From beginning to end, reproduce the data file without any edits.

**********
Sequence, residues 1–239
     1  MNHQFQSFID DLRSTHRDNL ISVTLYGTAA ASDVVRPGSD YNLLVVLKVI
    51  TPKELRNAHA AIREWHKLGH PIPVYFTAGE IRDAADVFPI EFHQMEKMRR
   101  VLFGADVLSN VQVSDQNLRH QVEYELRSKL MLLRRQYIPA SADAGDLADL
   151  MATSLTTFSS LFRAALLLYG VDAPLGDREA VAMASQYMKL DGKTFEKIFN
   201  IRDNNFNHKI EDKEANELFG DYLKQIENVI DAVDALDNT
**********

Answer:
Sequence, residues 1–239
     1  MNHQFQSFID DLRSTHRDNL ISVTLYGTAA ASDVVRPGSD YNLLVVLKVI
    51  TPKELRNAHA AIREWHKLGH PIPVYFTAGE IRDAADVFPI EFHQMEKMRR
   101  VLFGADVLSN VQVSDQNLRH QVEYELRSKL MLLRRQYIPA SADAGDLADL
   151  MATSLTTFSS LFRAALLLYG VDAPLGDREA VAMASQYMKL DGKTFEKIFN
   201  IRDNNFNHKI EDKEANELFG DYLKQIENVI DAVDALDNT